3 min read

New perspectives in data collection and retention

Featured Image

When was the last time you did an inventory of what data you collect about your volunteers and/or donors, how you use it, how you store it and when you delete it? Here’s two reasons why this process is important:

  1. It’s required for responsible data custodianship. Your volunteers and/or donors are trusting you to manage their data using current best practises. Current is an important word here as acceptable practices in data management change over time and sometimes it’s tough to keep up.
  2. The emphasis placed on it through legislation is likely to grow. Europe’s General Data Protection Regulation (GDPR), imposes strict rules on how data is collected, used, retained and destroyed. It applies to nonprofits, governments and businesses equally and fines for noncompliance are hefty. The UK is continuing to apply the same regulations through its own post-Brexit version of the GDPR. Some states in the USA are updating their laws in similar manners and in November 2020, Canada’s federal government introduced legislation known as the Consumer Privacy Protection Act (“CPPA”), the first major overhaul of Canada’s privacy law rules on the private sector since the Personal Information Protection and Electronic Documents Act (“PIPEDA”) came into force in April 2000.

 Here are some key questions to ask yourself:

  • Do we really need to collect and store all of these bits of data? It’s a simple question but I’ve seen many organizations asking application questions that are no longer relevant to them.
  • Do we collect data only at the point in time we need it?
  • Do we delete data once we no longer need it?
  • Are volunteers and/or donors aware of the data we store, where we store it, who has access to it and what we do with it?
  • Is our data encrypted at rest (while on the server) and in transit (over the internet)? This prevents hackers from getting anything legible even if they get a hold of your database.

Let’s look at just a few common pieces of information that are collected about volunteers for example and how you might want to reconsider your approach to their collection, retention and deletion. While certainly not a comprehensive list, it will give you enough of an idea of what to consider in your own organization.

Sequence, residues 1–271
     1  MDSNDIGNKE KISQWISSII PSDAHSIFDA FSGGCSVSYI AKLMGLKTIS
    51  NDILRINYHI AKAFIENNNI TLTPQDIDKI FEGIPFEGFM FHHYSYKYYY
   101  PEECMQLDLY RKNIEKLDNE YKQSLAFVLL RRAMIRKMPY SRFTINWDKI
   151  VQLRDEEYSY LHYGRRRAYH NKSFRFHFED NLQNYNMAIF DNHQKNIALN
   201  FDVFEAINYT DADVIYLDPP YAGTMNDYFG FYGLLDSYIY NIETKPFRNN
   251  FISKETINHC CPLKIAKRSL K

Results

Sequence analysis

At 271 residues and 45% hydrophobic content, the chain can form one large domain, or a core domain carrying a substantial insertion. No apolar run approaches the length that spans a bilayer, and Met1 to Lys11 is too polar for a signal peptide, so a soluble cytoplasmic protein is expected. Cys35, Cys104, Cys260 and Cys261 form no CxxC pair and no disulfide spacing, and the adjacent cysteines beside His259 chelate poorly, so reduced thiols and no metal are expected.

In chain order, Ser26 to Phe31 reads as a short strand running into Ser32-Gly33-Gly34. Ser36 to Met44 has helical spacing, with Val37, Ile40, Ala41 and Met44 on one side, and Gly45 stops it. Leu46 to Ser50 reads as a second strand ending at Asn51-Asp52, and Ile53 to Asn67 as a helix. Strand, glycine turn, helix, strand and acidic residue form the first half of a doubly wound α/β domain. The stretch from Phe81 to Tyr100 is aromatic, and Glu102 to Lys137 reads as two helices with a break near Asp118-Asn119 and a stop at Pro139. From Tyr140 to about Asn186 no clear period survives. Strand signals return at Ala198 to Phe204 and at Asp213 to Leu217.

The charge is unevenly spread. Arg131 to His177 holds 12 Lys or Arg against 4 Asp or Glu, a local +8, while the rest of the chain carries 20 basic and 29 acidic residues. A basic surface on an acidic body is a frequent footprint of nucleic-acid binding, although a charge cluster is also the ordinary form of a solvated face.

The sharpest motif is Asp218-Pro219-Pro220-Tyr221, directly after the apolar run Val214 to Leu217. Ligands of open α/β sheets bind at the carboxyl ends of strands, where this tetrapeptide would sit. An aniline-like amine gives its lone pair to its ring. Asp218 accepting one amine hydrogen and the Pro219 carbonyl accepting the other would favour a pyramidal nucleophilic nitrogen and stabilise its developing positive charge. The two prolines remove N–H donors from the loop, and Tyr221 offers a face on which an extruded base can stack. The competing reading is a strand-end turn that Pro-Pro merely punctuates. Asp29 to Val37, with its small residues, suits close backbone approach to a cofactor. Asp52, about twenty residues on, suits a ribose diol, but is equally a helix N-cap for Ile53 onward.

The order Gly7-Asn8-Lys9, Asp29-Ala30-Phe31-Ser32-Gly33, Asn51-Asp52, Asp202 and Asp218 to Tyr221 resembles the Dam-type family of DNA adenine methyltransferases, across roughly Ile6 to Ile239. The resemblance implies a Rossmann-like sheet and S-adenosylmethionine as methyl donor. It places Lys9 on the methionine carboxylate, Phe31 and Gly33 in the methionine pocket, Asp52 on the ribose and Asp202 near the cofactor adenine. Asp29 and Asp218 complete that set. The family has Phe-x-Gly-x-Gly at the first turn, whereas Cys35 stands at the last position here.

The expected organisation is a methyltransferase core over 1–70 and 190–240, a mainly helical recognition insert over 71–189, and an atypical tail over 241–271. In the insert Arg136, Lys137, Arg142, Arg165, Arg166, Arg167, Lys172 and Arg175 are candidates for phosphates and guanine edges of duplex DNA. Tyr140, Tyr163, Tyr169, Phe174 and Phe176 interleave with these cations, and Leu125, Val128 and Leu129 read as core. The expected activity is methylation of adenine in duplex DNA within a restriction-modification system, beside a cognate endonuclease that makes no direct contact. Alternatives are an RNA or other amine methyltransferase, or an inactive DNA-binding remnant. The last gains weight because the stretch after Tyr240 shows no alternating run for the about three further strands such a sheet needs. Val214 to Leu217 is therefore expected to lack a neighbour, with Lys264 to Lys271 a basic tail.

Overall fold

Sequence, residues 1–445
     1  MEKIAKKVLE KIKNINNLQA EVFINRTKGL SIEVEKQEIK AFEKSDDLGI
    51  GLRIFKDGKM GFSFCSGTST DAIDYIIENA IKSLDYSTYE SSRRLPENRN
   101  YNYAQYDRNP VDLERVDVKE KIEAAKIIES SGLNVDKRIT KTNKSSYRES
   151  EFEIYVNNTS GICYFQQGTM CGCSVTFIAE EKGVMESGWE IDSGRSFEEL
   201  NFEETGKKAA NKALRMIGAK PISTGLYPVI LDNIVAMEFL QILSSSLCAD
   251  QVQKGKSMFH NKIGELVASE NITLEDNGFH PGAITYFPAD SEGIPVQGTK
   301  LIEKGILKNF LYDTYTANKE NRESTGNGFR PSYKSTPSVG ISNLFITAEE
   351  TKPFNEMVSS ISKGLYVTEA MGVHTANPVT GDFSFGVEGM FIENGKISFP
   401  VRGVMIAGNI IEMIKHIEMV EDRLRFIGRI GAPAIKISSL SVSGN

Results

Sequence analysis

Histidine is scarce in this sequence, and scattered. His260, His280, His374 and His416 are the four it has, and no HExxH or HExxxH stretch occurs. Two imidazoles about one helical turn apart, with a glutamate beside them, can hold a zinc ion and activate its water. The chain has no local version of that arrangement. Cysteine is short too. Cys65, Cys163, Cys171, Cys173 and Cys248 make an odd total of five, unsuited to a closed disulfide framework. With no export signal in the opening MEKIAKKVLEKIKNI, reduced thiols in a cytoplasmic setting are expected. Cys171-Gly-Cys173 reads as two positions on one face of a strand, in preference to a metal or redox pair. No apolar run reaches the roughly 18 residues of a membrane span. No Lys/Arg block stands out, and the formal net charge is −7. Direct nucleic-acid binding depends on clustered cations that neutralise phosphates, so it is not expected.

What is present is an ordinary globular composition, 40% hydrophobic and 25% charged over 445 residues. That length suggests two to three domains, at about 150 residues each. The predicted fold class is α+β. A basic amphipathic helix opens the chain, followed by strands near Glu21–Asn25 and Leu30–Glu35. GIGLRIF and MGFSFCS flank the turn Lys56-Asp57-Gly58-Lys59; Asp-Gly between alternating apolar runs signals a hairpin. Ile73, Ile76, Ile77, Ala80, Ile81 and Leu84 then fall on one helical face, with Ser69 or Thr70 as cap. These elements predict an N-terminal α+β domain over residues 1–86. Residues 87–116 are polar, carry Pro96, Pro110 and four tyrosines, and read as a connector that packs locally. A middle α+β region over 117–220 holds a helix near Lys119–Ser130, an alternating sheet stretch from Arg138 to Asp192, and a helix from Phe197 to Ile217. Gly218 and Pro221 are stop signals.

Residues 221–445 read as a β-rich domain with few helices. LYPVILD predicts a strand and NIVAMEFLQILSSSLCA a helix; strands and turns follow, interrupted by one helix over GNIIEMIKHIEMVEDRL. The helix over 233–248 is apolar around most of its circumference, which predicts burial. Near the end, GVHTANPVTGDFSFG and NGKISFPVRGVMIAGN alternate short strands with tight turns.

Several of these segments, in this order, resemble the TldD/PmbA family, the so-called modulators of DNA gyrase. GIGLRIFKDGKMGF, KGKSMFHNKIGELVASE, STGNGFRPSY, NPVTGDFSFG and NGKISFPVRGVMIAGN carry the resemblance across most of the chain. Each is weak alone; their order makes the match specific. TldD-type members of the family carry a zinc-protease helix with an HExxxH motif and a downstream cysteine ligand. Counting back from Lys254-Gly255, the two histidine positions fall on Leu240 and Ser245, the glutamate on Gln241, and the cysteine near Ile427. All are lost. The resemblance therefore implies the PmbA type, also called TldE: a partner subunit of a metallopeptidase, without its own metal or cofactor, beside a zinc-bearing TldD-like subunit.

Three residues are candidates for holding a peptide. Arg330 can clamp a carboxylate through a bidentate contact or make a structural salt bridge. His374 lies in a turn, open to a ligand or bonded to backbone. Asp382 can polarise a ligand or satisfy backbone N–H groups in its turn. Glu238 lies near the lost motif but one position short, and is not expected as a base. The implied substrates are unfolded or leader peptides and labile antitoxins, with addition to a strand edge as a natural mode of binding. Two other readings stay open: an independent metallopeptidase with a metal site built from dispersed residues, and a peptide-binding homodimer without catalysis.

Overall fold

Emergency Contact Information

  • Collecting - This appears on many volunteer application forms but based on the principal of collecting data only at the point at which we need it, it should not. Some volunteers never make it through the intake process and as such, this is holding personal data unnecessarily. A better time to collect this is when they are actually accepted as a volunteer.
  • Verifying – If you currently record emergency contact information for your volunteers, when was the last time your volunteers reviewed it? There is no point holding on to inaccurate data.
  • Deleting – There are reasons to hold on to some volunteer information after they are no longer a volunteer, but given that you’ll never need to reach out to an emergency contact, this should be deleted at this stage.

 T-shirts size

  • Collecting - Ask only when the volunteer has become accepted. (Could this ever be interpreted as an application form question that could be used as a basis for discrimination.)
  • Deleting - Once you hand over the T-shirt.

References

  • Collecting - Ask only when you get to the stage where you would like to contact references.
  • Deleting - As soon as you reach the point where you will never have to refer to them again.

While you might think it may take too much time to keep up with this, any good volunteer management software should help make this easy, especially compared with Excel or paper.  Ask about this when exploring new software options.

Learn about how Better Impact's volunteer management or donor relations software can help you tackle this challenge and many more.